If the pilots, crew and passengers had all passed out from an unexplained result of gradual de-pressurization, and ground personnel were somehow aware of this scenario, would there have been anything that could of been done to save the plane and people before the fuel ran out?
No. If the crew and passengers have all passed out due to lack of oxygen and the plane has not been commanded for a descent, they will never wake up. This has happened before, e.g. the Payne Stewart fatal accident. In cruise flight an autopilot is only commanded to perform lateral navigation and absent instructions from the crew to initiate a descent it will fly to its last fix and then maintain its current heading, all the while maintaining altitude. When fuel is exhausted it will maintain altitude at the expense of airspeed until the stick shaker activates, disconnecting the autopilot. Absent the pilots input, the stick pusher should next activate to forcefully prevent a stall. You'll probably get some oscillations in pitch but ultimately a steep descent that even if the (literally) brain dead crew could somehow wake would not give them time to act.
While ground crews can get data from the airplane and can attempt to contact the crew, they cannot remotely control the airplane so the best they could do, if aware, is watch. They could perhaps get a fighter scrambles to intercept and visually inspect the cockpit, but that still would not allow them to alter the outcome (just verify the scenario).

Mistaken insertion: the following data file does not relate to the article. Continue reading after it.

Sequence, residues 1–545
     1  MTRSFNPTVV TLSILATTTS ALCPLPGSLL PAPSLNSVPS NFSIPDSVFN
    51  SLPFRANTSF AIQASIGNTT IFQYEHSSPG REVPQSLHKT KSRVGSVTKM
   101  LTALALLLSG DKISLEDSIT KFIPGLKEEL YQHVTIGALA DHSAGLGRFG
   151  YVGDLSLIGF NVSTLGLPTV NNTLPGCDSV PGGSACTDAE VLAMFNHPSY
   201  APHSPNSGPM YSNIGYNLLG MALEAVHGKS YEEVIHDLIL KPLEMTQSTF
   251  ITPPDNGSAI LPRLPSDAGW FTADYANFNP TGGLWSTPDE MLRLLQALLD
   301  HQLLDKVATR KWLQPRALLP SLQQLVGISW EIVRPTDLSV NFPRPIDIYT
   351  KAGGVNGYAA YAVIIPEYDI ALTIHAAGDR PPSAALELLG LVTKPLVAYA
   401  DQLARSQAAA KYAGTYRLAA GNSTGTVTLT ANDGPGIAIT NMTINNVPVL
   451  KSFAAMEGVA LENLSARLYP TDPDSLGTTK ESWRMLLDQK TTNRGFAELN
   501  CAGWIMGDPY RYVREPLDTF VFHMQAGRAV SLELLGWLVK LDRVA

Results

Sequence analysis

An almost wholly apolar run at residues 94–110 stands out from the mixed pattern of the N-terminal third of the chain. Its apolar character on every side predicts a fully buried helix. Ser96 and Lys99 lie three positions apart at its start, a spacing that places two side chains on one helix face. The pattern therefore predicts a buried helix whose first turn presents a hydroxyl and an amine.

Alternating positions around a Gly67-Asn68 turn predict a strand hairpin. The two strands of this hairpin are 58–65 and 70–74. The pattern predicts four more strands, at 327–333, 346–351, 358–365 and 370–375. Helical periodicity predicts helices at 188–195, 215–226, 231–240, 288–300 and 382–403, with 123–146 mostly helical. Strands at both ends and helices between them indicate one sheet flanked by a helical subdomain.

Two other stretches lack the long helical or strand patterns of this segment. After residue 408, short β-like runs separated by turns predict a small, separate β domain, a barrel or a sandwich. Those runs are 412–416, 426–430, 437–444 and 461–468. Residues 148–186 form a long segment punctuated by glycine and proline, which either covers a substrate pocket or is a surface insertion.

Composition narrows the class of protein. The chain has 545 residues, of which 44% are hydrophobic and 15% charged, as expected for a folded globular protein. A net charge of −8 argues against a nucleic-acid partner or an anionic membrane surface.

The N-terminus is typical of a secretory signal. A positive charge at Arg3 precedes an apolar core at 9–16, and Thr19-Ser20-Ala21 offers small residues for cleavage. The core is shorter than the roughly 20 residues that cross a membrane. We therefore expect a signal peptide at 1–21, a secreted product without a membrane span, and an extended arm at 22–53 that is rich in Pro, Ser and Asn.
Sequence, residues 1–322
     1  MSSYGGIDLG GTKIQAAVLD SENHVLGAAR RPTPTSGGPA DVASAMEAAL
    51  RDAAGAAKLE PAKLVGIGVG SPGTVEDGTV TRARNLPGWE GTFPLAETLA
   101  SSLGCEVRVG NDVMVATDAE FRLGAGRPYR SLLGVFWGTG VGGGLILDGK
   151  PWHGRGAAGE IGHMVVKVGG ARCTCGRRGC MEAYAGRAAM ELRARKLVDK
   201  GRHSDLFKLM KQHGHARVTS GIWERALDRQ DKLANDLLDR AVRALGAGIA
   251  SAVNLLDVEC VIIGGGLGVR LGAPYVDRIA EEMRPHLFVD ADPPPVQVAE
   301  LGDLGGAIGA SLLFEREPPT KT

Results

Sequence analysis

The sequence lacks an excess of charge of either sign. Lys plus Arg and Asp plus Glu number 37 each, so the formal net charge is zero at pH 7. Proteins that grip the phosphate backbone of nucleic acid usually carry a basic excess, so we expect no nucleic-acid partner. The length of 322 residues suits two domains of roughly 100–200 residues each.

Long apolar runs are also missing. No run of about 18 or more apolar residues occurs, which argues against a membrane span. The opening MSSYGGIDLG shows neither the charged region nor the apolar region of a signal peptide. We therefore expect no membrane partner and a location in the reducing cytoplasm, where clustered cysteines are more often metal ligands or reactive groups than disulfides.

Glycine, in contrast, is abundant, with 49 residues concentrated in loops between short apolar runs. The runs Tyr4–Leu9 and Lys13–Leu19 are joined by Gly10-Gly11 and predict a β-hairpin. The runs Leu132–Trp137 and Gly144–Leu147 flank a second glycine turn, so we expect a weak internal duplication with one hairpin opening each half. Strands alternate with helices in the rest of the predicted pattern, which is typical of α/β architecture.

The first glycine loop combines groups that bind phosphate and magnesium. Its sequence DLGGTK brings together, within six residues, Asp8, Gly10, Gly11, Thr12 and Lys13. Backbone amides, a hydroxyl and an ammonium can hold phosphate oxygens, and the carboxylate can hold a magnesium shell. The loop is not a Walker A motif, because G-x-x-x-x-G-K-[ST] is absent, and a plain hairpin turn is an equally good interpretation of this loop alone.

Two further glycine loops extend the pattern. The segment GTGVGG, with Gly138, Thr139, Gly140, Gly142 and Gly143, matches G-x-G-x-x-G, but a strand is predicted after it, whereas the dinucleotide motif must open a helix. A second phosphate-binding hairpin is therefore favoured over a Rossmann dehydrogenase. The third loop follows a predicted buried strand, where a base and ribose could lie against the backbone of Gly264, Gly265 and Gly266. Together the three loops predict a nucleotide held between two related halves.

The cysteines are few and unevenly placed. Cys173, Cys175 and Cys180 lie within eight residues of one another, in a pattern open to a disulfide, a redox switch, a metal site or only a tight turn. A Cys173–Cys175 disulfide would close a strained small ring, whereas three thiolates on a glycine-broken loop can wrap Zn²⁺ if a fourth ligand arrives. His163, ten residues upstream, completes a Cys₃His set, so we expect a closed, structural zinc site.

Note that this scenario is much more likely to happen in an extreme depressurization event in which the crew is unable to don O2 masks in time. A slow gradual depressurization will give plenty of warning as the cabin begins to climb and automated sensors start complaining. In the EMB-145 you'll start getting aural warnings when the cabin exceeds 10,000 ft pressure altitude and somewhere shortly above that you'll get master caution alarms and automatic pax 02 deployment. These altitudes should give the crew ample warning before becoming hypoxic (you can reach these altitudes for limited time with no supplemental O2 in a Cessna 172 for example). Even at cruise, it only takes a few minutes to get the plane back down to 10,000 ft and as such a slow gradual depressurization should not pose a threat unless multiple warning systems are malfunctioning.